My son starts kindergarten in less than two weeks.
I won't even get into how fast the time has gone, how I can't believe he'll be in school -- real school -- not just preschool or daycare.
Instead, I'm trying to focus on looking ahead and being excited about all the amazing things he has yet to experience.
This weekend, I plan to take him to buy school supplies. The school provided a list:
- 4 boxes of crayons
- 1 pack of Crayola markers
- 2 boxes of tissues
- 6 white glue sticks
- 1 plastic school box, no handle
- 12 #2 pencils, sharpened
- 1 bottle of Elmer's glue
- 1 pair of headphones
- 1 large backpack
We'll get those items, of course, and I'll help him fill his new backpack with them. Then, on the morning he leaves me for the first real time, I'll help him get that heavy backpack on his shoulders.
I'll walk with him into school. I'll make sure he finds his room, meets his teacher.
And then I'll leave.
I don't even like the way writing that sentence feels.
While his backpack will be full of crayons and glue sticks and markers and tissues -- the things we were supposed to send with our kids to school -- these are the things I really want to send with my first-born, my baby:
Confidence. The gift of believing in yourself is bigger than anything I could ever wrap and put under the tree.
A sense of humor. Things don't always go the way we want. This is hard to accept, especially for us first-borns. But it's good to be able to laugh them off.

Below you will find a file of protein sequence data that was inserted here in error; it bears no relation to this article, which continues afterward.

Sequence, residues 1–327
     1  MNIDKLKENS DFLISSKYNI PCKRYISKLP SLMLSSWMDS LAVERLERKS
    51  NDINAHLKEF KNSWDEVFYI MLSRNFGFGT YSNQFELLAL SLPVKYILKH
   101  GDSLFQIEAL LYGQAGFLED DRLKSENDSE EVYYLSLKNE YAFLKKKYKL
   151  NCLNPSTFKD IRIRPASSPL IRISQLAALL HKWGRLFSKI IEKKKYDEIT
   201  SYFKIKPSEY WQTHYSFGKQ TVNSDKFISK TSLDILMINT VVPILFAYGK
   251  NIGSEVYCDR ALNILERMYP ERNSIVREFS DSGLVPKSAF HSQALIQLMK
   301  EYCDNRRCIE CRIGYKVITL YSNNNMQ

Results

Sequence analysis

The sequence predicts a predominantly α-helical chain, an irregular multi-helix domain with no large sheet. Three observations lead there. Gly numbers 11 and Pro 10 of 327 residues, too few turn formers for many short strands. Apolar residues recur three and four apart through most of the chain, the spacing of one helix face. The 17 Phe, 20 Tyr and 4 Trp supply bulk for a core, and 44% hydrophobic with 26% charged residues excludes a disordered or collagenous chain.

Courage. My biggest fear is that my little boy will need help and will be too scared or too shy to ask.
At least one friend. Please, God, let him make him a friend. None of us deserves to be alone.
Love. If I could, I'd stuff all the love I have for him in a little Ziploc bag, seal it tight and put it in his pocket to carry forever.
His blankie. It's the best substitute for Mommy. And it actually would fit in his backpack, if he'd let me pack it.
Curiosity. I want him to know everything there is to know about this world. Not just reading and math, but about faraway places and great leaders and big ideas. I want him to ask questions. I want him to get excited about learning. I want him to be smarter than me.
Me. If I could, I'd smoosh Mommy up into a tiny action figure version, and I'd slip myself into his other pocket. I'd be there just to listen or give him a little hug when he needs it.
But I know as well as you: He won't need it. He'll be just fine.
Veronica Daehn blogs at Meow Musings. She is also editor of a social networking site for moms called momaha.com and is most importantly mom to Rye and Paige.
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